Parents angered by ‘unsafe’ kids clothes in Guangdong
Most of the children’s clothing made in Guangdong is unsafe, with some garments containing an excessive amount of chemicals.
Tests conducted by the provincial quality and technology supervision administration found just 53.5 of garments met safety standards.
Meanwhile, 67.7 percent of children’s furniture and 95 percent of toys were considered safe.
The quality inspection of clothing, toys and furniture made by companies in the province comes ahead of International Children’s Day on June 1.
The administration tested 60 children’s garments made by 43 companies and found just 31 items met safety standards.
Lin Ruixi, administration press officer, said problems with the garments included false information about raw materials, poor color fastness and excessive content of the chemical formaldehyde.
Formaldehyde is used in the production of furnishings and clothing and can cause skin or respiratory infection in some people.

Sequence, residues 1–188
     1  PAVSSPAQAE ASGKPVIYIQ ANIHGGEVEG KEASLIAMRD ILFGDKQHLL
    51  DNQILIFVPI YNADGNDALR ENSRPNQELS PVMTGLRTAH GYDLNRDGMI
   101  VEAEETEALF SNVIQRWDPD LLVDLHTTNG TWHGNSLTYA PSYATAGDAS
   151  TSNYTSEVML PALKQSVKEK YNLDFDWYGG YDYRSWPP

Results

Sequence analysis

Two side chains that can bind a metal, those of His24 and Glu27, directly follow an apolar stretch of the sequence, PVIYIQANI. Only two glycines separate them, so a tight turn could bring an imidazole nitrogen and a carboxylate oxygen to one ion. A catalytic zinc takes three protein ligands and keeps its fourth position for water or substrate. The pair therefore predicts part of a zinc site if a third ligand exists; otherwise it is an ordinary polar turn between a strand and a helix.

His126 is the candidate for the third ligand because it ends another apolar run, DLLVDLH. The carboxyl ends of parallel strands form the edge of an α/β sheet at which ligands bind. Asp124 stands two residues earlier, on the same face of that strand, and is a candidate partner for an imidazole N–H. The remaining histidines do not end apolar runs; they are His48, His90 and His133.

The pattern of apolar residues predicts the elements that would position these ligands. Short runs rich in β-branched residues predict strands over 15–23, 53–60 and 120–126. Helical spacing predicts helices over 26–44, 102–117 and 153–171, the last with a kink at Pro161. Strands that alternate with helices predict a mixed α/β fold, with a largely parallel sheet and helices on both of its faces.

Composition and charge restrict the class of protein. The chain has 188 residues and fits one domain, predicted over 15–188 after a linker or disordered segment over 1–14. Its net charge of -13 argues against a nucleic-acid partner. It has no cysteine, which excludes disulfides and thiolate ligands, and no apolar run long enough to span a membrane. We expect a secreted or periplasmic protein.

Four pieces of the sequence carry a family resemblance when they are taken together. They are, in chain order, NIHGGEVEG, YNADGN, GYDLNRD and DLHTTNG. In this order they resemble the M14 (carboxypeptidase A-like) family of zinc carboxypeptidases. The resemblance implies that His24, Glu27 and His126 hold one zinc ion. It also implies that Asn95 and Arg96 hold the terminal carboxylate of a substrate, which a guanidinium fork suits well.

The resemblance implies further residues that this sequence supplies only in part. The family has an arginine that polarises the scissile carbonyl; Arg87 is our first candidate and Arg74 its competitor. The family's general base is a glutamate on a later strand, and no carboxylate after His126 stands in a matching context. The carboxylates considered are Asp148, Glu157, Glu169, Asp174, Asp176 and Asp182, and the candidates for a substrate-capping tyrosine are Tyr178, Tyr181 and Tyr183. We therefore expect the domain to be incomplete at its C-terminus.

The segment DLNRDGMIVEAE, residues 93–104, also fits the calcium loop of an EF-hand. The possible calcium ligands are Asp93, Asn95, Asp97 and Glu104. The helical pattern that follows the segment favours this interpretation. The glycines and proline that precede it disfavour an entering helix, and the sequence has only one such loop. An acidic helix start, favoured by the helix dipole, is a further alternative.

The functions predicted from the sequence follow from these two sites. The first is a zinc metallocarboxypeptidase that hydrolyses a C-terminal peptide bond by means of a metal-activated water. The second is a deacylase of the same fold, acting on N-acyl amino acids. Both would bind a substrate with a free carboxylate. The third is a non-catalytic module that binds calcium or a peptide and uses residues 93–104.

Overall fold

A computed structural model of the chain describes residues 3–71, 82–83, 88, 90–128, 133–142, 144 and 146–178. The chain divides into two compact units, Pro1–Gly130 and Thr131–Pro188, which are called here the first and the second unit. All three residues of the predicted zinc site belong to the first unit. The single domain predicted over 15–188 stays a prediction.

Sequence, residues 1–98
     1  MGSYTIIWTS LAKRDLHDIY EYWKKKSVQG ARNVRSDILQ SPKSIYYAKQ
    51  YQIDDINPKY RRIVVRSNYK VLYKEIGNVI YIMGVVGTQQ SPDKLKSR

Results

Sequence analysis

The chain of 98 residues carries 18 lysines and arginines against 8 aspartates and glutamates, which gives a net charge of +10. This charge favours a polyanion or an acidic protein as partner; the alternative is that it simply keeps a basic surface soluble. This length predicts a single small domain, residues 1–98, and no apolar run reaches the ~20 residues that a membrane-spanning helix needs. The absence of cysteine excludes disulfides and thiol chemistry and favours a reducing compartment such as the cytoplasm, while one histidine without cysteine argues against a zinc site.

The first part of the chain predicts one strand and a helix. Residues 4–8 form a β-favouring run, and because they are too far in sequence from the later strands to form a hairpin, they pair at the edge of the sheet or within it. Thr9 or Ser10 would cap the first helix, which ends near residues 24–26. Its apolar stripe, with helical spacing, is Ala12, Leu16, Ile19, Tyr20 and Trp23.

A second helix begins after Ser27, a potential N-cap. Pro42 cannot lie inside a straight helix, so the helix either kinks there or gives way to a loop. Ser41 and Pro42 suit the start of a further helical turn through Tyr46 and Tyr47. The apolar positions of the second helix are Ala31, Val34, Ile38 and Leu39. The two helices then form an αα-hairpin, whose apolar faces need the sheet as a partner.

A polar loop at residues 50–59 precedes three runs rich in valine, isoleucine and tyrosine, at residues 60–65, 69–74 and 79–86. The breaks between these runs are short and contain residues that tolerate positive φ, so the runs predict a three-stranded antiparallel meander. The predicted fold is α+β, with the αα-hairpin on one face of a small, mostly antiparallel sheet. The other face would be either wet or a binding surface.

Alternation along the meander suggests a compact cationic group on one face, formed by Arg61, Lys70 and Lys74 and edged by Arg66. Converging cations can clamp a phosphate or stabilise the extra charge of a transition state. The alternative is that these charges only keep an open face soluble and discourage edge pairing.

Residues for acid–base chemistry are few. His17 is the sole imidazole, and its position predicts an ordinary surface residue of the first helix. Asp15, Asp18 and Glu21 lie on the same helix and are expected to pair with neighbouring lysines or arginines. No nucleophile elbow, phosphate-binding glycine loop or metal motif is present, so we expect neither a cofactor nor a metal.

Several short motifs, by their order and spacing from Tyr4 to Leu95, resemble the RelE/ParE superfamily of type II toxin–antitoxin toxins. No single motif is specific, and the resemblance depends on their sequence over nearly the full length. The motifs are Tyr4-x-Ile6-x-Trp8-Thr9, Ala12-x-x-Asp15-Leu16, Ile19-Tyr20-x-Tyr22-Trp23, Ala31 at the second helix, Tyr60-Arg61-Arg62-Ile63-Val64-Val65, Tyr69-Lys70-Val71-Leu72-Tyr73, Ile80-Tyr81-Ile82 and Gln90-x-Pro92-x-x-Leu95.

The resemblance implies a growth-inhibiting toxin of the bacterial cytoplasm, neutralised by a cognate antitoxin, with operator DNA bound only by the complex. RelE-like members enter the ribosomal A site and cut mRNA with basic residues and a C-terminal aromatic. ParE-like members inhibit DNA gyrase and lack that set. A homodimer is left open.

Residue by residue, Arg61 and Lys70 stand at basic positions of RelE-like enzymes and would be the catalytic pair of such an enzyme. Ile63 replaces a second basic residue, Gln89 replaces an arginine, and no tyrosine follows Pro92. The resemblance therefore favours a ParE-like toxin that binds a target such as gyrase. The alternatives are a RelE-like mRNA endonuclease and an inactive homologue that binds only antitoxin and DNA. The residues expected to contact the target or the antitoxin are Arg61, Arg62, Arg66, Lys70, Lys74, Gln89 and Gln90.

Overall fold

Parents said they were concerned by the results of the tests and called on the government to make more regular quality inspections.
“It’s unbelievable that half of my daughter’s clothes are potentially unsafe,” Lu Junhua, father of a six-year old girl in Guangzhou, said.
“I think the administration should do such sample test more often so that fewer consumers will fall prey to substandard products, especially those for children.”
In addition, the administration tested 62 sample pieces of furniture and found just 42 were safe.
Lin said three pieces of furniture contained too much formaldehyde, and two pieces had an excessive content of heavy metals including lead, cadmium and chromium.
“The main reason for the excessive content of formaldehyde and heavy metals is the use of substandard raw materials and paints,” he said.
Other pieces were considered substandard because of poor acid-resistance or mechanical performance.
Manufacturers of poor quality items would be told to fix the problem and test their products again, Lin said.
“But for those products with serious problems, we will urge the manufacturers to stop production and recall the products,” Lin said.
“Items found with toxic content will be transferred to the inspection department for further investigation and dealt with according to the law.”
Meanwhile, the inspection included a test of 80 toys made in the province, including 40 obtained directly from toy firms and 40 from the market.
Lin said the quality of children’s toys had improved 14 percent on last year.
There were quality problems wit four toys, including three that were easily broken and one that contained combustibles and was a fire hazard.